Progressive familial intrahepatic cholestasis (PFIC) is a class of chronic cholestasis disorders that begin in infancy and usually progress to cirrhosis within the first decade of life. The average age at onset is 3 months, although some patients do not develop jaundice until later, even as late as adolescence. PFIC can progress rapidly and cause cirrhosis during infancy or may progress relatively slowly with minimal scarring well into adolescence. Few patients have survived into the third decade of life without treatment.
Initially described in Amish descendants of Jacob Byler, PFIC was originally named Byler disease. The condition was inherited in an autosomal recessive manner and was characterized by hepatocellular cholestasis. Subsequently, numerous phenotypically similar non-Amish patients were reported, and the term Byler syndrome was used to describe these patients’ condition. These terms now have been superseded by the term progressive familial intrahepatic cholestasis.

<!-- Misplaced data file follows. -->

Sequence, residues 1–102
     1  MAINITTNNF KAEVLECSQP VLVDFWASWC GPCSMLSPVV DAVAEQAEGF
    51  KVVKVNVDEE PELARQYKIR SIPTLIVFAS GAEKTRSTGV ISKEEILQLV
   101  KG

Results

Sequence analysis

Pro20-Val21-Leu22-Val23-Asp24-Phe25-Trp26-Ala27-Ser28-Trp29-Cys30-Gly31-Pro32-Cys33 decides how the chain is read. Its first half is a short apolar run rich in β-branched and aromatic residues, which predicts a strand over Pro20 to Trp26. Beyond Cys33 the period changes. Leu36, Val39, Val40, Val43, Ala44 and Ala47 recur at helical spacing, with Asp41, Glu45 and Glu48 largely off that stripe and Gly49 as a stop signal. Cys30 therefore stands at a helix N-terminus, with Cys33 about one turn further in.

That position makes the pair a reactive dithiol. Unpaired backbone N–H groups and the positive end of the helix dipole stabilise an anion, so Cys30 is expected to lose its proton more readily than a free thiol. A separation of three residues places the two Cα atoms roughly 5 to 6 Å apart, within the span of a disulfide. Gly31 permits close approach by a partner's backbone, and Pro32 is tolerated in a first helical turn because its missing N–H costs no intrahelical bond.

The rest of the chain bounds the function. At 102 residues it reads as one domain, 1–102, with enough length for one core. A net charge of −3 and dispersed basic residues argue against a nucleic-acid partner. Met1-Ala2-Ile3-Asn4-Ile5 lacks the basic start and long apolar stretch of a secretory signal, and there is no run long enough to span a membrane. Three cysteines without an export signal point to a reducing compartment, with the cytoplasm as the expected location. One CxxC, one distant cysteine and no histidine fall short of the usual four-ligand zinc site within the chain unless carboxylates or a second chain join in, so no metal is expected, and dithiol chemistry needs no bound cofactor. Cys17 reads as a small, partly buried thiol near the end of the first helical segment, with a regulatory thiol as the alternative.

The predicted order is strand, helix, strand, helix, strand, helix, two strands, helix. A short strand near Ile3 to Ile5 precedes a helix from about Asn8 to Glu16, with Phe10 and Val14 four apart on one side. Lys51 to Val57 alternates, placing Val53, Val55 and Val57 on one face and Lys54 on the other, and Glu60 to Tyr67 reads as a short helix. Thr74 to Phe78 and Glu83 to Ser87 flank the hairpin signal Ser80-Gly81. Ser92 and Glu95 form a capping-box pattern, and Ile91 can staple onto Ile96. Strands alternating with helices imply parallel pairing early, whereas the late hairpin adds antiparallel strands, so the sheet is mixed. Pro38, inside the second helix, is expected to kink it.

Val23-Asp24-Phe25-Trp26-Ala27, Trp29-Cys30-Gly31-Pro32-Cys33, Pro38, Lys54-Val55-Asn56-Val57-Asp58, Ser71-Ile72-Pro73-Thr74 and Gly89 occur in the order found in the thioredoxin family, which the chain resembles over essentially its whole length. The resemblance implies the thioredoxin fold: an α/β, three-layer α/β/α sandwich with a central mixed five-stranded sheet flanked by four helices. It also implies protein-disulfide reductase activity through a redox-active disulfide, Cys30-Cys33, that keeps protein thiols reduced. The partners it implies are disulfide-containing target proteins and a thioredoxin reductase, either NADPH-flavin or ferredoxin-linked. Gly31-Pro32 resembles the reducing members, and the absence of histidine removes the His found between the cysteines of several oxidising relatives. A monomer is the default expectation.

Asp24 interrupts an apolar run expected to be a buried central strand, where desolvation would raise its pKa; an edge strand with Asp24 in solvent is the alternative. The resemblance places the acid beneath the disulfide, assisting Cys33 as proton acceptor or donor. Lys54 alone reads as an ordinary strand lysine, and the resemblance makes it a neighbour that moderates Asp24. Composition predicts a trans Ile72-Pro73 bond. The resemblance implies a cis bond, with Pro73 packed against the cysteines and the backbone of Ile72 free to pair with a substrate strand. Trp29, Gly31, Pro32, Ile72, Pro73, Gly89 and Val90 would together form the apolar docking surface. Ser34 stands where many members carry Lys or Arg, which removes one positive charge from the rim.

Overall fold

At present, specific gene defects have been identified for 3 subtypes of PFIC (see Table 1 below). PFIC1 (the former Byler disease) and PFIC2 are characterized by low gamma-glutamyl peptidase (GGT) levels. Despite their genetic distinctiveness, PFIC1 and PFIC2 have few clinical differences, and both are caused by the absence of a gene product required for canalicular export and bile formation.
In PFIC3, patients have a similar clinical presentation, but laboratory results reveal an elevated serum GGT. Rather than defective bile acid export, patients with PFIC3 have deficient hepatocellular phospholipid export. The lack of phospholipids produces unstable micelles that have a toxic effect on the bile ducts, leading to bile duct plugs and biliary obstruction.